Malicious Website Alert

A malicious website containing damaging malware has been identified with the URL "" The site masquerades as the legitimate site at "" Merely connecting to the fake site can be harmful. Pay close attention not to mistake the two sites.


The American Bankers Association has issued a warning to advise consumers of an uptick in phishing, smishing and vishing attacks. The messages ask accountholders to call a specific number to resolve possible compromises of their bank accounts and includes the last four digits of the user's debit card to make it appear legitimate. Those who call the number provided are asked to provide their card's expiration date and CV security code "to confirm the card is in their possession."

Your bank will never email or text you to advise of a compromised account. Should you receive such a message, contact your institution using a phone number already known to you. Never call the number provided in an unsolicited correspondence.


A new FDIC e-mail scam alert was issued on June 6, 2011. This one appears to be sent from various "" email addresses; such as "," "," or ""

The subject line reads "FDIC: Your business account" or "FDIC: About Your Business Account." They're addressed "Business Customer" or "Business Owner" and instruct the reader to click a link for important information about their bank.

It concludes with "This includes information on the acquiring bank (if applicable), how your accounts and loans are affected, and how vendors can file claims against the receivership." They lead the reader to believe their bank has failed.

The FDIC will never send banking customers an email regarding their relationship with any institution. Any email you receive from them, regardless of the wording, is most likely a scam.


The Electronic Payments Association GCF Bank is a member of, has received reports of individuals and/or companies receiving a fraudulent email which appears to have been sent from NACHA and signed by a non-existent NACHA employee.

Specifically, this email claims to be regarding a canceled ACH Payment from the "Electronic Payments Association" and appears to be coming from the email address "" Please refer to the sample of the email below.

Be aware that phishing emails frequently have attachments and/or links to Web pages that host malicious code and software. Users/customers/consumers should not open attachments or follow Web links in unsolicited emails from unknown parties or from parties with whom you/they do not normally communicate with, or that appear to be known but are suspicious or otherwise unusual.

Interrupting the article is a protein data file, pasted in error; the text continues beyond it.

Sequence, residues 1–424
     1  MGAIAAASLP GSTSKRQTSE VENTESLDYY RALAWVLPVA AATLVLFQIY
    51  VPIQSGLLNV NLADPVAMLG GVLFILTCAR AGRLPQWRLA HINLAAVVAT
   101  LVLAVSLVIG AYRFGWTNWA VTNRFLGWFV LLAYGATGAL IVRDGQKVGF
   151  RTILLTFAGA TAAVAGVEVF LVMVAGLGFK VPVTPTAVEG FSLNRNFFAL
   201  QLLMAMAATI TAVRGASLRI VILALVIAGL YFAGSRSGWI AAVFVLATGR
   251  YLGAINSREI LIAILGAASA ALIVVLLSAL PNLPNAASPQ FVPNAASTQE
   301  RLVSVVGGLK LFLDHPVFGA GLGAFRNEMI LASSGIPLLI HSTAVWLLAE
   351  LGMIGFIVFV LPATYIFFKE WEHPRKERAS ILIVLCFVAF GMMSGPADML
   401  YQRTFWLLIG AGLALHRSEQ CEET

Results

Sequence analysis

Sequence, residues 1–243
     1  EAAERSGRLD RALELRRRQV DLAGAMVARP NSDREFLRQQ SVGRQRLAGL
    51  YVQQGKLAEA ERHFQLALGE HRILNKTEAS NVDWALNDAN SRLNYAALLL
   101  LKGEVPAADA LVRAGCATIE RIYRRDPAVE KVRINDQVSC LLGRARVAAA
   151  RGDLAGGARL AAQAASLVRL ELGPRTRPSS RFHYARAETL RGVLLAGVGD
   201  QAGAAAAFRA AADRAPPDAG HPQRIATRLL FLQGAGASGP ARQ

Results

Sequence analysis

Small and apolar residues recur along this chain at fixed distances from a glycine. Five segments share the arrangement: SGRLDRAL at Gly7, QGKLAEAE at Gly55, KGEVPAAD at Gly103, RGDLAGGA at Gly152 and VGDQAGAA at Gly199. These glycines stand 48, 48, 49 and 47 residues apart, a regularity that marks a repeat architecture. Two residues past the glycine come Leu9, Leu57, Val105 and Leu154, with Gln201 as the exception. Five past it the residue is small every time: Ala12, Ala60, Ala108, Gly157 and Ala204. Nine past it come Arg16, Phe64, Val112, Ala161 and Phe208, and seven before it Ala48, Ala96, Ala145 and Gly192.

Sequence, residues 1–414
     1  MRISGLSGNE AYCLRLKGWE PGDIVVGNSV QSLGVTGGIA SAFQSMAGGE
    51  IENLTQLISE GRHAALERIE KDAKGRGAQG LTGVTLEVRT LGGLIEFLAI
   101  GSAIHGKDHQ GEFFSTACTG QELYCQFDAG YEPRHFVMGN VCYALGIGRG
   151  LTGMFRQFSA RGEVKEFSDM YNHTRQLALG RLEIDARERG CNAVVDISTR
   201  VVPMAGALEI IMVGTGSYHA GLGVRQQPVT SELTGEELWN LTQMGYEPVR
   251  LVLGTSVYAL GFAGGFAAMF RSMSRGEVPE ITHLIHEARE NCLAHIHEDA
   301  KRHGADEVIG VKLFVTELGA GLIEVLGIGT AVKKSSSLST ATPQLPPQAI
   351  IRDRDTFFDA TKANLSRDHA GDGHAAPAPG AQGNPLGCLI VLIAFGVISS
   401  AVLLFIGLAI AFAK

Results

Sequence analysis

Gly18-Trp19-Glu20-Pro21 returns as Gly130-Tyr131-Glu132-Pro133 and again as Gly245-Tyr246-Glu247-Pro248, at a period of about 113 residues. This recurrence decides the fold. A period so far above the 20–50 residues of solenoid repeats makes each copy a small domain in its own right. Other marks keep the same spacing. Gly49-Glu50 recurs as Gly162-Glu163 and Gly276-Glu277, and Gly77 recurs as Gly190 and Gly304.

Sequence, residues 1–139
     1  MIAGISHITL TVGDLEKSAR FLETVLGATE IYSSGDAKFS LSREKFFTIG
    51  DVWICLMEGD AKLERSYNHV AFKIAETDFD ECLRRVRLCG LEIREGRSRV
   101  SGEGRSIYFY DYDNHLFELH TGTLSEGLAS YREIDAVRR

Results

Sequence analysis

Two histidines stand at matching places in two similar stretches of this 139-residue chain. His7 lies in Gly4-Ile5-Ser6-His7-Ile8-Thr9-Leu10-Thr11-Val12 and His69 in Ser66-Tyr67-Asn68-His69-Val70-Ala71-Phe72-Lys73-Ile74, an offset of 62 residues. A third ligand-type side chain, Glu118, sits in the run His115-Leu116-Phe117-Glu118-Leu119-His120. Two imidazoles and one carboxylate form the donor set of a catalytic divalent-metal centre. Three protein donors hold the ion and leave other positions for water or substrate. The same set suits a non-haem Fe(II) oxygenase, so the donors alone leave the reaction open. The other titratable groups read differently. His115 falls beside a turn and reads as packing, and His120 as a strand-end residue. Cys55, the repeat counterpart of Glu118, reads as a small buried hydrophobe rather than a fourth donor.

Further, NACHA itself does not process nor touch the ACH transactions that flow to and from organizations and financial institutions. NACHA does not send communications to individuals or organizations about individual ACH transactions that they originate or receive.

Should you or a customer receive an email such as this, it is best to delete it immediately!

From: []
Sent: Tuesday, February 22, 2011 7:32 AM
To: Doe, John
Subject: ACH transaction rejected

The ACH transaction, recently sent from your checking account (by you or any other person), was cancelled by the Electronic Payments Association.

Please click here to view report

Otto Tobin,
Risk Manager


E-mails fraudulently claiming to be from the FDIC are attempting to get recipients to click on a link, which may ask them to provide sensitive personal information. These e-mails falsely indicate that FDIC deposit insurance is suspended until the requested customer information is provided.

The Federal Deposit Insurance Corporation (FDIC) has received numerous reports from consumers who received an e-mail that has the appearance of being sent from the FDIC. The e-mail informs the recipient that "in cooperation with the Department of Homeland Security, federal, state and local governments..." the FDIC has withdrawn deposit insurance from the recipient's account "due to account activity that violates the Patriot Act." It further states deposit insurance will remain suspended until identity and account information can be verified using a system called "IDVerify." If consumers go to the link provided in the e-mail, it is suspected they will be asked for personal or confidential information, or malicious software may be loaded onto the recipient's computer.

This e-mail is fraudulent. It was not sent by the FDIC. It is an attempt to obtain personal information from consumers. Financial institutions and consumers should NOT access the link provided within the body of the e-mail and should NOT under any circumstances provide any personal information through this media.

The FDIC is attempting to identify the source of the e-mails and disrupt the transmission. Until this is achieved, consumers are asked to report any similar attempts to obtain this information to the FDIC by sending information to

For your reference, FDIC Special Alerts may be accessed from the FDIC's Web site.


A new variant of the Zeus Trojan has been reported that targets online banking user names and passwords. The virus hides inside advertisements on legitimate web sites. Once the user clicks, malware is downloaded that lays dormant until the user visits their online bank site. It then captures login credentials and records account details, then proceeds to transfer your money to other bank accounts.